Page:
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Family vacation ends with parents drowning in front of their 6 kids, Florida officers say

Mark Price, Miami Herald on

Published in News & Features

MIAMI — A Pennsylvania family’s Florida vacation came to a horrific end when both parents drowned while trapped in a rip current in the Atlantic Ocean, investigators say.

Two of their six children tried to save them, but were overwhelmed by the swift moving water, the Martin County Sheriff’s Office said in a news release.

The victims were identified as 51-year-old Brian Warter and 48-year-old Erica Wishard, the sheriff’s office said.

It happened around 1:30 p.m. on Thursday, June 20, off Hutchinson Island, which is about a 120-mile drive north from Miami.

“The man and woman ... along with their six mostly teenage children, started their Florida vacation day on the beach. While in the water, the couple and two of the teens got swept out by a rip current,” the sheriff’s office said.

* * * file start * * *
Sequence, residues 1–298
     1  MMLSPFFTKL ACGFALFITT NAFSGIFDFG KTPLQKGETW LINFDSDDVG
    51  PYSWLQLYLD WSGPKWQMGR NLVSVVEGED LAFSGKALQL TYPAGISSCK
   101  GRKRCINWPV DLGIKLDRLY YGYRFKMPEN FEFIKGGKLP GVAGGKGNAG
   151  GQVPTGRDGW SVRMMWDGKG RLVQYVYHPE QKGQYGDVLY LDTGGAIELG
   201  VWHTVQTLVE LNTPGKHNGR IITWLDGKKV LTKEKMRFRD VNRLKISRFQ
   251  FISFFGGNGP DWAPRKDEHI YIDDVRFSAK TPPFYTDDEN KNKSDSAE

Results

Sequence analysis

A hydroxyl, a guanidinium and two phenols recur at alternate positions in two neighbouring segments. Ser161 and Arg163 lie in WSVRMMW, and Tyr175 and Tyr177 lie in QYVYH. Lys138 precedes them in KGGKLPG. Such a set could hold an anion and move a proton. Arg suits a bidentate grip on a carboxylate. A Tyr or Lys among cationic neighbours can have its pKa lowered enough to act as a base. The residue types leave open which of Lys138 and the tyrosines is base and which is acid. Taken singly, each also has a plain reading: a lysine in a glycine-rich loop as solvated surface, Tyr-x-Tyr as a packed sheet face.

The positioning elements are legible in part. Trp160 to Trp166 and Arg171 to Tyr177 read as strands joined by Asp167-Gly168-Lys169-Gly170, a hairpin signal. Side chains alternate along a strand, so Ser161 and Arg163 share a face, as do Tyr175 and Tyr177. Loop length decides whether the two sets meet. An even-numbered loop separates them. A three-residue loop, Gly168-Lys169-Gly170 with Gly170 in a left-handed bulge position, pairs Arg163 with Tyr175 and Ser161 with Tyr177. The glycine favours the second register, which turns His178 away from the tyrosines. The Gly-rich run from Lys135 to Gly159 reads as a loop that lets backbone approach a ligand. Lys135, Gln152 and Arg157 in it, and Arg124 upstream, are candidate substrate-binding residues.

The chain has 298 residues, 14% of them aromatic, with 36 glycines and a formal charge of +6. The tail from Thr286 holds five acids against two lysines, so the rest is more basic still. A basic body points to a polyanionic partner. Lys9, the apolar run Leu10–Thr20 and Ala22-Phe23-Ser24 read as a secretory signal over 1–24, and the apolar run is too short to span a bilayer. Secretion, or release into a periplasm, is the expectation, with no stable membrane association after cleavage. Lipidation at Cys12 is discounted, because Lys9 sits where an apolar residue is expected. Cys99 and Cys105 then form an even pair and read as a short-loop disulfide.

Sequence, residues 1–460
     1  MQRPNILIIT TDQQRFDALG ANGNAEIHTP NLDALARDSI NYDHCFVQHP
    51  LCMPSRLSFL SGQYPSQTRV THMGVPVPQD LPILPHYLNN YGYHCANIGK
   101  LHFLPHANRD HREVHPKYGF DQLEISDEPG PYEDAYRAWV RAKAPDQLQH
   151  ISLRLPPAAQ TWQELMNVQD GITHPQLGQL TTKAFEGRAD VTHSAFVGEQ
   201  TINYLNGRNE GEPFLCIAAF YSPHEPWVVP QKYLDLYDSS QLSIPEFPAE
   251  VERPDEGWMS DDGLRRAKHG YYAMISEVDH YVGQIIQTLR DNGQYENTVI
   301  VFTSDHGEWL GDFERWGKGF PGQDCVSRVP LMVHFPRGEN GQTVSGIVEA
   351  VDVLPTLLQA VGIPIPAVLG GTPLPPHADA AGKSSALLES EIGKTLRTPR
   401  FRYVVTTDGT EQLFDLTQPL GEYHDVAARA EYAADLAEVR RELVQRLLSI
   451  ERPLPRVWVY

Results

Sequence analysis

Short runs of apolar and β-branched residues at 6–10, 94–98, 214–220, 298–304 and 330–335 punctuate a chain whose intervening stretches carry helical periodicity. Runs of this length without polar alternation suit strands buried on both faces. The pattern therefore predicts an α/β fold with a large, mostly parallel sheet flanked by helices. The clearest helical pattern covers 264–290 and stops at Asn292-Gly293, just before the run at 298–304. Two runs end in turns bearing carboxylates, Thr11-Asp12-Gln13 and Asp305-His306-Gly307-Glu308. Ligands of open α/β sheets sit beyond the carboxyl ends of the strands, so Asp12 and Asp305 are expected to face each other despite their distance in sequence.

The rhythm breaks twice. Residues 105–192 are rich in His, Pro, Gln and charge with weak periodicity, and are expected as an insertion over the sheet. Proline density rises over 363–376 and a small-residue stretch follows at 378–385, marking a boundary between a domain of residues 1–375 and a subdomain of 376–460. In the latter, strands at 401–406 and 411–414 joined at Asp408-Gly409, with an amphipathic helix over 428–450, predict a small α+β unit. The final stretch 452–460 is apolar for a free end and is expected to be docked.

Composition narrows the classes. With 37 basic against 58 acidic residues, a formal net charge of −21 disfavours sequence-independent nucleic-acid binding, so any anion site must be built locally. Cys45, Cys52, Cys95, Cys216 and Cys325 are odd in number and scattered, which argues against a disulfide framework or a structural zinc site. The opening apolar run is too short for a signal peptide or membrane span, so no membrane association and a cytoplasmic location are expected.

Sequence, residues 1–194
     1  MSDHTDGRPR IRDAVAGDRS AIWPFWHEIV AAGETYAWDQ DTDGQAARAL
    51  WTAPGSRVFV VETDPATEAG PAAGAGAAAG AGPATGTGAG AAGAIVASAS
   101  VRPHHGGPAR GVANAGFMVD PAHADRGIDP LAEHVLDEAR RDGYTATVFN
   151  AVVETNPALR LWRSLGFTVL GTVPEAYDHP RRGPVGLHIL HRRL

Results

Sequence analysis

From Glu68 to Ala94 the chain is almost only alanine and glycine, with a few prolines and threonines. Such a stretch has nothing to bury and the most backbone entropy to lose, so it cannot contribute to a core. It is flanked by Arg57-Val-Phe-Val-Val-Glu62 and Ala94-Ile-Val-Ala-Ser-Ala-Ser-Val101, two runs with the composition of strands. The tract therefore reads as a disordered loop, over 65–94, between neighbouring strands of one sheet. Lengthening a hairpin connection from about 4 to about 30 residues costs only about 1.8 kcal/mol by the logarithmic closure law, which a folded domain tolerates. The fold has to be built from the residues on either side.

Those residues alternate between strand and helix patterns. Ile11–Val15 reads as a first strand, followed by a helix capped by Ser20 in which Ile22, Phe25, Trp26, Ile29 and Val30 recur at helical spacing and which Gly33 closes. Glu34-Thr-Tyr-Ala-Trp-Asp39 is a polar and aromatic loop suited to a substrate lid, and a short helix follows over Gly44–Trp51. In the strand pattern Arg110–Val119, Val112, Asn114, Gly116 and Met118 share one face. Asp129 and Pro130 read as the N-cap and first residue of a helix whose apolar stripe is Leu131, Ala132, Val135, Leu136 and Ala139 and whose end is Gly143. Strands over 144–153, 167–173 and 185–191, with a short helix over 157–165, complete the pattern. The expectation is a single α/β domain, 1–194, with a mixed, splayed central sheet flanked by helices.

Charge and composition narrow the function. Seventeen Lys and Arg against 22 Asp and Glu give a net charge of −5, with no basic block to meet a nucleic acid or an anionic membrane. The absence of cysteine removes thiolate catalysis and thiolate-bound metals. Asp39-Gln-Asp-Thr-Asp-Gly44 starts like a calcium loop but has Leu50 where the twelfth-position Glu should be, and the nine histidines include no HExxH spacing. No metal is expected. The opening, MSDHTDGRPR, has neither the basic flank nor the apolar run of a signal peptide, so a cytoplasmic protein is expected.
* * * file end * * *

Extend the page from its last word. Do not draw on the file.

“The kids were able to break (from) the current and attempted to help their parents, but it became too dangerous and they were forced to swim ashore.”

Martin County Ocean Rescue brought the couple to shore and began life-saving efforts. They were taken by ambulance to a hospital “where doctors gave it every last effort before declaring the couple deceased,” the sheriff’s office said.


“A Martin County Sheriff’s Crisis Intervention Team Deputy assisted the couple’s children throughout the day and evening as they await the arrival of other family members into Florida,” officials said.

The family was swimming off Stuart Beach, officials said.

What to know about rip currents

Rip currents are channels of swift moving water up to 80 feet wide and have been blamed for 11 drownings this year in U.S. waters through June 9, the National Weather Service reports.

“A rip current, sometimes incorrectly called a rip tide, is a localized current that flows away from the shoreline toward the ocean,” NOAA Ocean Service reports.

“Rip currents typically reach speeds of 1 to 2 feet per second. However, some rip currents have been measured at 8 feet per second — faster than any Olympic swimmer ever recorded. ... A person caught in a rip can be swept away from shore very quickly.”

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